T-Hawk-Cam: my newest video airplane

The T-hawk is a great little plane for aerial video.  Small, tough and fun to fly, it is perfect for those situations where you'd be afraid of crashing your other planes.  This page will show my video installation and also highlight the 'ground station' used to capture my videos.
Why a T-Hawk?
One of the main reasons the T-hawk appealed to me was that, of all the small and tough pusher type planes out there, this one came with standard RC servos already installed.  I ended up buying the "runaway" kit offered at www.readytoflyfun.com which includes just the airframe.  I tossed out the included receiver and speed controller and replaced them with my own receiver (Berg-4) and speed control (Great Planes C-10) so I could fly it with one of my own transmitters.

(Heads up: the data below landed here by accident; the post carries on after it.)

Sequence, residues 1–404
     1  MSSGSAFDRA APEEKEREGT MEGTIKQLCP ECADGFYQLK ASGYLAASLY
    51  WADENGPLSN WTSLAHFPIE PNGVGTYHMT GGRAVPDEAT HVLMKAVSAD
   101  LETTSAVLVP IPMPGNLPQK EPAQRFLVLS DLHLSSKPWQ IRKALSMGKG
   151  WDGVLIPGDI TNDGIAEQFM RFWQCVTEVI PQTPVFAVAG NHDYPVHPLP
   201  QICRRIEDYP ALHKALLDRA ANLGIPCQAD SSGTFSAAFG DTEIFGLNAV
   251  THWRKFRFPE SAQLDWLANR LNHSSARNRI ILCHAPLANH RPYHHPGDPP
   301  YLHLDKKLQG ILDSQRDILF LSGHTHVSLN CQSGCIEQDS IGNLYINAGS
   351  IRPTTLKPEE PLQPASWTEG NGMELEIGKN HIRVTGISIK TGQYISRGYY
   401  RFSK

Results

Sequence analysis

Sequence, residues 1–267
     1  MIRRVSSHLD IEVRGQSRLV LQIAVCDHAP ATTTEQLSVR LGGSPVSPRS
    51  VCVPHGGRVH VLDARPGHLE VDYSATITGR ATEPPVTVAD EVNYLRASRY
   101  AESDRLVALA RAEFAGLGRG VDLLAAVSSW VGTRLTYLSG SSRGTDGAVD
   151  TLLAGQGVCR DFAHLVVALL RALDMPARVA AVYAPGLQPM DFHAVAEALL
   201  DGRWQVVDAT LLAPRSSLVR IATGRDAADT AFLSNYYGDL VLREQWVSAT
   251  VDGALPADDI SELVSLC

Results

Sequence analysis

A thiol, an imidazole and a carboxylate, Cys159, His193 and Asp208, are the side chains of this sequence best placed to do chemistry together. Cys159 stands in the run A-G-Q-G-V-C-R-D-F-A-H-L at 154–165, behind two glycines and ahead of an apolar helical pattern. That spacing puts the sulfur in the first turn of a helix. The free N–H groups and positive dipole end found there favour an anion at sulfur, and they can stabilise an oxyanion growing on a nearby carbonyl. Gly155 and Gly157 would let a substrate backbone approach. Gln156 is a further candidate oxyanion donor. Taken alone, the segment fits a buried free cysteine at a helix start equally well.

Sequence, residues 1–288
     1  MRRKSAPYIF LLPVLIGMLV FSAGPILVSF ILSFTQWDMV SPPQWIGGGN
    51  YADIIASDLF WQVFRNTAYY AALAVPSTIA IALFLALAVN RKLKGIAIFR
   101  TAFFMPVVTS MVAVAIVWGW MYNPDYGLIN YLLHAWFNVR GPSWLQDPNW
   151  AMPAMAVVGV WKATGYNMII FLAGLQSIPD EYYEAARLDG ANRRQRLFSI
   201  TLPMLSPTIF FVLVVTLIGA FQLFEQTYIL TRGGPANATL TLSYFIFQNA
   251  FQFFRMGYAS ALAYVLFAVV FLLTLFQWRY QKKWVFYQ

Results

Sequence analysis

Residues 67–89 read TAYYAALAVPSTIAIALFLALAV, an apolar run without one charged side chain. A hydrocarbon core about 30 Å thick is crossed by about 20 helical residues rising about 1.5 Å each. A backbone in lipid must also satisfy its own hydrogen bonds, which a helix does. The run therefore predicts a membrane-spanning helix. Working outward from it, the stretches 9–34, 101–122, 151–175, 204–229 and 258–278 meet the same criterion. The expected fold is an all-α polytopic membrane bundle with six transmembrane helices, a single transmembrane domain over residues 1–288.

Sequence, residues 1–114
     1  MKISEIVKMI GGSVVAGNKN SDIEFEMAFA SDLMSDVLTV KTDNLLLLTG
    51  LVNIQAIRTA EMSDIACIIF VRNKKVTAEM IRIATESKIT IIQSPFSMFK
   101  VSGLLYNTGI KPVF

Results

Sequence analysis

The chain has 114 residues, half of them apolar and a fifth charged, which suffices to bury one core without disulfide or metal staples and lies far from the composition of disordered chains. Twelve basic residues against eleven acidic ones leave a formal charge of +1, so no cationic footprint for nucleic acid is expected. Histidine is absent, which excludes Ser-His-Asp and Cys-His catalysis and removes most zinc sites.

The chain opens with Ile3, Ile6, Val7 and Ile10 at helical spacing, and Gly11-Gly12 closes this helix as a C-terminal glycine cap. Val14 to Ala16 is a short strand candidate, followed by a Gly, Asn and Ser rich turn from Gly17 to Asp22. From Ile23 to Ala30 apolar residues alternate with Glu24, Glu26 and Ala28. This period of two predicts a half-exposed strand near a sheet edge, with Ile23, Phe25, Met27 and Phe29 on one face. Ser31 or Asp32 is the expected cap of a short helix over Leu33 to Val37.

The equipment
The CCD camera is mounted under the leading edge of the wing pointed slightly downward.  A very small bit of the nose is captured in the video frame which I think gives a point of reference for the video.

The transmitter is mounted under the trailing edge of the opposite wing.  It's hard to see from this angle, but the antenna *just* clears the propeller. 

Here you can see the wire layout.  Nothing fancy, just lots of duct-tape and chewing gum  :-)
My Ground Station is shown here. 
Everything fits in a Pelican 1400 watertight case.  You'll notice that I carry two different antennas.  The 'basic' patch is good for the typical flying field.  It is very small and easy to set up because it connects directly to the receiver.  The 8dbi patch is the big-guns... this one comes out when I am shooting in a dense urban environment where multi-path interference and outside 2.4ghz interference are possible.

Here I am set up for a typical flying site. A rubberband around the receiver allows me to attach it to one of the latches on the case and keep the antenna pointed in the general direction of my airplane.
This is how I'd set up when flying in a challenging urban environment.  I close the lid to give the antenna an unobstructed view of the sky.